Britain’s migrant deal is illegal while Rwanda is unsafe, lawyers say

By Michael Holden and Sam Tobin

LONDON (Reuters) – Britain’s plan to send migrants to Rwanda is illegal because the East African country is not a safe country, lawyers for a group of asylum seekers told the London Appeal Court on Monday.

Prime Minister Rishi Sunak’s government wants to send thousands of migrants more than 4,000 miles (6,400km) to Rwanda as part of a £140m ($174m) deal agreed last year.

He considers the plan pivotal to deter record numbers of asylum-seekers arriving in small boats across the Channel from France, something Sunak has made one of his top five priorities, facing pressure from some of his own Conservative lawmakers and the public to resolve the problem.

However, the first scheduled flight to Rwanda last June was blocked by a last-minute ruling by the European Court of Human Rights, which imposed an injunction barring any deportations until the legal action in Great Britain is concluded. Brittany.

In December, the High Court in London ruled that the policy was legitimate, but that decision was being challenged by asylum seekers from countries including Syria, Sudan, Iraq, Iran and Vietnam along with some human rights organisations.

Their lawyers say the government’s argument that Rwanda is a “safe third country” is flawed.

Raza Husain, one of their lawyers, told the Court of Appeal at the start of a four-day hearing that Rwanda was a one-party authoritarian state that did not tolerate the opposition and imprisoned, tortured and killed opponents.

“There will only be any form of deterrent effect if a third country asylum seekers are being transferred to is one they would not like to go to,” Husain said, arguing that the government has failed to walk the line between deterring migrants and staying within Britain’s human rights obligations.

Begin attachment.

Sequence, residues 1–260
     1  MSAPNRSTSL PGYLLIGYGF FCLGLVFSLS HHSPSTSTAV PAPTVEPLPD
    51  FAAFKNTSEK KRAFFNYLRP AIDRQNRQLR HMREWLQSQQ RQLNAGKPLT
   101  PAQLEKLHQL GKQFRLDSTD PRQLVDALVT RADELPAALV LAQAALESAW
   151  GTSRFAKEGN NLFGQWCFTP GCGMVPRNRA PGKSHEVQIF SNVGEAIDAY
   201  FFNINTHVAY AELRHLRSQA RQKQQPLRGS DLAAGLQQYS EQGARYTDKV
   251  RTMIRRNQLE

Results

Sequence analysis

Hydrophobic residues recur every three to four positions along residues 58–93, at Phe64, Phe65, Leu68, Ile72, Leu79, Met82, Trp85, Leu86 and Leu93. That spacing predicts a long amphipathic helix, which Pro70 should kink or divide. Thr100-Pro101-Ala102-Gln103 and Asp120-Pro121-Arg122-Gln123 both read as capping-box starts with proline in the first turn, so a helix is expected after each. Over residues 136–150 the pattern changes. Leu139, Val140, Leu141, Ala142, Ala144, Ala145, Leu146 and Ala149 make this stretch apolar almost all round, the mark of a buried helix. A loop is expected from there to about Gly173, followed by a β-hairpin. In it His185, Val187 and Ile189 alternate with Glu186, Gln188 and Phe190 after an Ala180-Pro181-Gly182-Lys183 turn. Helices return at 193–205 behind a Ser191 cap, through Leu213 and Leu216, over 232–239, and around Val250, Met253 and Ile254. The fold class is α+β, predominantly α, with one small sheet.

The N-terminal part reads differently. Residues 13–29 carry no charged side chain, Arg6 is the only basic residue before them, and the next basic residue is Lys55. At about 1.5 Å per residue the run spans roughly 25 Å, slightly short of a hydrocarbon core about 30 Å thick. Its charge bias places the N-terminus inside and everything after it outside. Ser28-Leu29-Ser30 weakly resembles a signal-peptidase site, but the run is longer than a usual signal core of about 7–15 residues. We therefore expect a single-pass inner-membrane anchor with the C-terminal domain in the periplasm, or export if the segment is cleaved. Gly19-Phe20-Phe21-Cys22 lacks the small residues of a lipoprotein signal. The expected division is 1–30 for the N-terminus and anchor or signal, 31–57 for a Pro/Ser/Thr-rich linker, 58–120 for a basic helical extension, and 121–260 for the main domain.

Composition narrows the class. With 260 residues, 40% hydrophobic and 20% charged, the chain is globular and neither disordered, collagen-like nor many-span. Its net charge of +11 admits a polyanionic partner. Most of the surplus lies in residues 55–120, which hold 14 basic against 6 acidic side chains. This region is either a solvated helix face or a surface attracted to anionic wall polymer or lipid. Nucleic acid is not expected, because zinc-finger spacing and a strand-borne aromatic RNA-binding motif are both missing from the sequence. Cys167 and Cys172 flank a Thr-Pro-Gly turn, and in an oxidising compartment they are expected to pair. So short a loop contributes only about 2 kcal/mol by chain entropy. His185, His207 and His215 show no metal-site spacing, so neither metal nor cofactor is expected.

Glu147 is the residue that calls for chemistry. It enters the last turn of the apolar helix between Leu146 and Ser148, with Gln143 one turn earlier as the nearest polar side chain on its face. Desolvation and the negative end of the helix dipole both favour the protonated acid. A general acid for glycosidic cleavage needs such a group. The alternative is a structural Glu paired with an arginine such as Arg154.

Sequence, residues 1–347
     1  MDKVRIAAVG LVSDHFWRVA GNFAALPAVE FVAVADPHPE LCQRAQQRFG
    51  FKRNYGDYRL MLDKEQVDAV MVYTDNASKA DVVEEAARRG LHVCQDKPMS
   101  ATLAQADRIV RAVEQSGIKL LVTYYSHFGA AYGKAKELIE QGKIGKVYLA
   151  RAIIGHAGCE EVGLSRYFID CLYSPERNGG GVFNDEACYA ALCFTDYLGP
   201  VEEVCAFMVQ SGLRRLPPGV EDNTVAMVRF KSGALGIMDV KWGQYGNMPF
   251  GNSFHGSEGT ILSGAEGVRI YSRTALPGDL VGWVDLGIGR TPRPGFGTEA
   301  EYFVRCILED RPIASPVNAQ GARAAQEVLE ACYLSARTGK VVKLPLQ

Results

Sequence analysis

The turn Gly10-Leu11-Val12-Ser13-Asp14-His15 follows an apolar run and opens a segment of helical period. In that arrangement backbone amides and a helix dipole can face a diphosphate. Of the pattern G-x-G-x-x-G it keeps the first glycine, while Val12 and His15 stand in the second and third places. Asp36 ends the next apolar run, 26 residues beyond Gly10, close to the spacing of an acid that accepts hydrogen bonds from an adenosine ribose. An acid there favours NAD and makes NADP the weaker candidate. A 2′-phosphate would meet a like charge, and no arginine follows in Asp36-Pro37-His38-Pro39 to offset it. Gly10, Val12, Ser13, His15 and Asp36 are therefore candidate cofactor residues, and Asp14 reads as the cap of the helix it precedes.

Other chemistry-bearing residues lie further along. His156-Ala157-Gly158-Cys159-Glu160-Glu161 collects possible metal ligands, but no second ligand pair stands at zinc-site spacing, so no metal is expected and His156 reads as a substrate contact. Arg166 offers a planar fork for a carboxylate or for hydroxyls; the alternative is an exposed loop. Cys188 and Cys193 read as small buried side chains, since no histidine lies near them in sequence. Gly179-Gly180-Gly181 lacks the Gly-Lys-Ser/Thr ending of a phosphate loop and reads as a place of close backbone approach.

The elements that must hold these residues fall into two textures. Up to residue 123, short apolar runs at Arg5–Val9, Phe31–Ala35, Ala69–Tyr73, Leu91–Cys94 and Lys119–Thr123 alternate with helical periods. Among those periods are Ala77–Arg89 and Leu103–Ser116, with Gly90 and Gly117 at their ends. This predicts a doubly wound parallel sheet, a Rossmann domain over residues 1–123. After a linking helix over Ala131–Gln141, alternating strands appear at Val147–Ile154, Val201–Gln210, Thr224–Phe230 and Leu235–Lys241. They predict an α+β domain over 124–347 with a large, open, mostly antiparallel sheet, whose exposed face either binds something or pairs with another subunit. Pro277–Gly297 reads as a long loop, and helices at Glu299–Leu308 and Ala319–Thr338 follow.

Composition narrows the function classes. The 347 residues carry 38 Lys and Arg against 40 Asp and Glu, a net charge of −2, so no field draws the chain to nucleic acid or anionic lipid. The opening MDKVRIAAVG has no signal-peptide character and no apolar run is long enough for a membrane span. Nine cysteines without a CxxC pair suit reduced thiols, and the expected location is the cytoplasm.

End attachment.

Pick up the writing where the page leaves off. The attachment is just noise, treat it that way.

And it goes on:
However, lawyers representing the British government have stressed that its deal with Rwanda is “subject to a stringent series of monitoring arrangements”, including by the United Nations High Commissioner for Refugees, which intervened in the appeal.

They said in court documents that the evidence on Rwanda’s asylum system was of little relevance as it bore no relation to how asylum-seekers would be treated under the deal with Britain.

Rwanda says migrants will be treated with respect and dignity and the deal will give them better opportunities.

Ian Burnett, the Lord Chief Justice and one of three judges hearing the case, said Rwanda’s security issue will be the central issue.

In March, the government announced it would introduce a new law that would prevent anyone arriving on a small boat from seeking asylum and being deported back to their home country or to a safe third country.

Sunak and his ministers say this would break the business model of human traffickers, but critics say it is impractical, unethical and won’t work.

More than 45,000 migrants arrived in small boats on England’s south coast in 2022, a record number, and in court documents last week, the government said it expected as many as 56,000 to cross the English Channel this year.

Faced with a backlog of applications, more than 100,000 asylum seekers are being accommodated by the government, around 50,000 of them in hotels, at a cost of £6.2m ($7.7m) a day.

(Reporting by Michael Holden and Sam Tobin; Editing by Nick Macfie)

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